voted in to fill a vice presidential vacancy created by the resignation of a
member of the Yale chapter who distrusted the new activist turn of SDS.
The total number of voters in this election was three.

Back in New York during summer 1960, I was an after- hours volunteer
at the national SDS office on Nineteenth Street in Manhattan while holding
down a seven- day- a- week job as a lifeguard and tennis court attendant
near my home in the South Bronx. I stuffed envelopes and helped with
production of newsletters. It was a bit like a summer course in political
theory and praxis with Chairman Al, the Socratic seminar leader.
Over the next two years, we organized several chapters, the most vigor-
ous and successful of which was at Michigan, where VOICE, a mass political
party campaigned and won leadership with the student government. Tom
Hayden and his associates Ken McEldowney and Andy Hawley, all senior
editors at the Michigan Daily, had been the instigators and first organizers of
VOICE, but Sharon Jeffrey and I made it a winner of elections and campaigns.

As leaders of the SDS chapter, Sharon and I brought the local group
into VOICE and then led VOICE to affiliate nationally with SDS.
Hayden had returned from a summer at the University of California,
Berkeley, impressed by the pioneer New Left student organization SLATE,
which had done the counterintuitive thing for student radicals and taken
student government seriously. Largely the province of the Greek letter organizations,
student governments were somewhere between the sandboxes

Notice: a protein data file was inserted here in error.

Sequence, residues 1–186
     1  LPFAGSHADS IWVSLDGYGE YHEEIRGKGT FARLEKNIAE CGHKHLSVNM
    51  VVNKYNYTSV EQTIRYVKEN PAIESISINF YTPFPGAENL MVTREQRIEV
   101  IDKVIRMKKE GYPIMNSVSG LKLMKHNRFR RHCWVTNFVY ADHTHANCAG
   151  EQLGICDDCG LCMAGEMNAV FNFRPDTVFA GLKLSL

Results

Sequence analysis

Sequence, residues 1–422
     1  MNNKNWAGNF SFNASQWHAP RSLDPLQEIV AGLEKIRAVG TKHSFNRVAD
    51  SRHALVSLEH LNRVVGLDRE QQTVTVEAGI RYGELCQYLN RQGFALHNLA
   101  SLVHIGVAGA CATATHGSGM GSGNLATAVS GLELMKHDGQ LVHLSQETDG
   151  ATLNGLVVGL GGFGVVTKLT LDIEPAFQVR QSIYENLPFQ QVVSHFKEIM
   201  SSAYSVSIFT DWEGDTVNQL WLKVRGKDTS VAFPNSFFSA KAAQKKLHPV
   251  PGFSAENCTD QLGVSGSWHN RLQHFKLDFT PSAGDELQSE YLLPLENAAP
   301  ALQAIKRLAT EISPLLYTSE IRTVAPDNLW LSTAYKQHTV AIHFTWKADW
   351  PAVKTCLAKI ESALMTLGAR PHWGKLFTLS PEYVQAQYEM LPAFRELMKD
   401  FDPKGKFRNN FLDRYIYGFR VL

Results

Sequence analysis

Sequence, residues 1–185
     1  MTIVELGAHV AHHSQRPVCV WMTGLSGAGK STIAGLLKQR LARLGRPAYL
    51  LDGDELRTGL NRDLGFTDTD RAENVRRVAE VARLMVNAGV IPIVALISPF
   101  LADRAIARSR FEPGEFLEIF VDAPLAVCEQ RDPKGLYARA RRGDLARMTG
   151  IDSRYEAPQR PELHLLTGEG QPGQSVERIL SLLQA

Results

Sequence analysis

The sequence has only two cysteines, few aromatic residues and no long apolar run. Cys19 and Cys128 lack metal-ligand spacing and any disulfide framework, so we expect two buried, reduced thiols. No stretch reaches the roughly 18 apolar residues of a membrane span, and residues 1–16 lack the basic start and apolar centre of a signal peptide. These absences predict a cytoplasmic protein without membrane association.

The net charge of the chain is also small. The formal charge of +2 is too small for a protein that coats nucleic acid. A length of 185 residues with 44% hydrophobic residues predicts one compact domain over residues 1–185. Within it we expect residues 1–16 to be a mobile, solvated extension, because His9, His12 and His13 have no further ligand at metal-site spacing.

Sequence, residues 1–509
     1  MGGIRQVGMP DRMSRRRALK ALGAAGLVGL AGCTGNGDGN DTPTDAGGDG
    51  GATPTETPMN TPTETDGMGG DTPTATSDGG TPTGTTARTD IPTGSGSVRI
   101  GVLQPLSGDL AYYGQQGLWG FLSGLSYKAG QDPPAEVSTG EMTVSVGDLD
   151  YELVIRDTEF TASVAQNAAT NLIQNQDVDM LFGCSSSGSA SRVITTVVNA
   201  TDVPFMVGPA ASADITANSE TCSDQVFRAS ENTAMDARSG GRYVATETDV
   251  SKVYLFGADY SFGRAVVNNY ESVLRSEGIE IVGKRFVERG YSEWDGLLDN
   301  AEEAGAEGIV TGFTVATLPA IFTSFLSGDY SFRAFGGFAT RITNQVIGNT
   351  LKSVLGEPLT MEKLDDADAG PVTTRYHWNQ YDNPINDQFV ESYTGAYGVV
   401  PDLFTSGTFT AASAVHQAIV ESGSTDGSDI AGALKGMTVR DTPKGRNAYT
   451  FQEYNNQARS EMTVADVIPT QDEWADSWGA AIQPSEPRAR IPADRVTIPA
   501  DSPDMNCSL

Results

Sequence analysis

for political toddlers and training grounds for future Young Democrats
and Republicans. Hayden saw the possibility of making the student
government a representative voice for students in real governance— and
Sharon and I thought this was just the right thing to do, if democracy was
the centerpiece of your thinking.

Even before Port Huron, then, a local practice was emerging in Ann Arbor
and other soon- to- be affiliated SDS chapters, which saw democratic
practice as relevant to university governance and educational issues. We
butted heads with student government conservatives and centrists, who opposed
our desire to have the council make pronouncements on political issues
of national and international consequence (e.g., passing a resolution
against the Bay of Pigs Invasion). But we were also vitally concerned with
campus issues. Thus we campaigned to prohibit racial discrimination in the
Greek letter societies that wished to use university facilities (which was all of
them). Another issue was our campaign against the principle and practices
of in loco parentis, whereby universities acted in place of parents and thus
enforced curfews that applied to women and constrained our lives with
other regulations we considered far too intrusive. Eventually we won this
fight and the dorms were “liberated”: dorm hours were eventually abolished,
and men and women could entertain visitors of the opposite sex. And, of
course, after a while, co- ed dorms emerged.

The experience Sharon and I had as VOICE representatives on the student
government council shaped my views on “process,” a contentious issue
later in the 1960s and beyond. Since the council was a formal body,
with a constituency of twenty- five thousand student voters, its proceedings
followed strict rules— and thus Sharon and I endured a crash course
in parliamentary procedure. From that time on, I became, willy-nilly, one
of the Movement’s experts on how to run large meetings. Our SDS/VOICE
chapter settled decisions— when there was division— by a formal vote at a
membership meeting. Mostly we made decisions in small groupings and
votes were not required; but when the meetings were large and the decisions
weighty, we voted, counted hands, and declared a winner.

I do have one vivid memory of such an occasion. During the Cuban Missile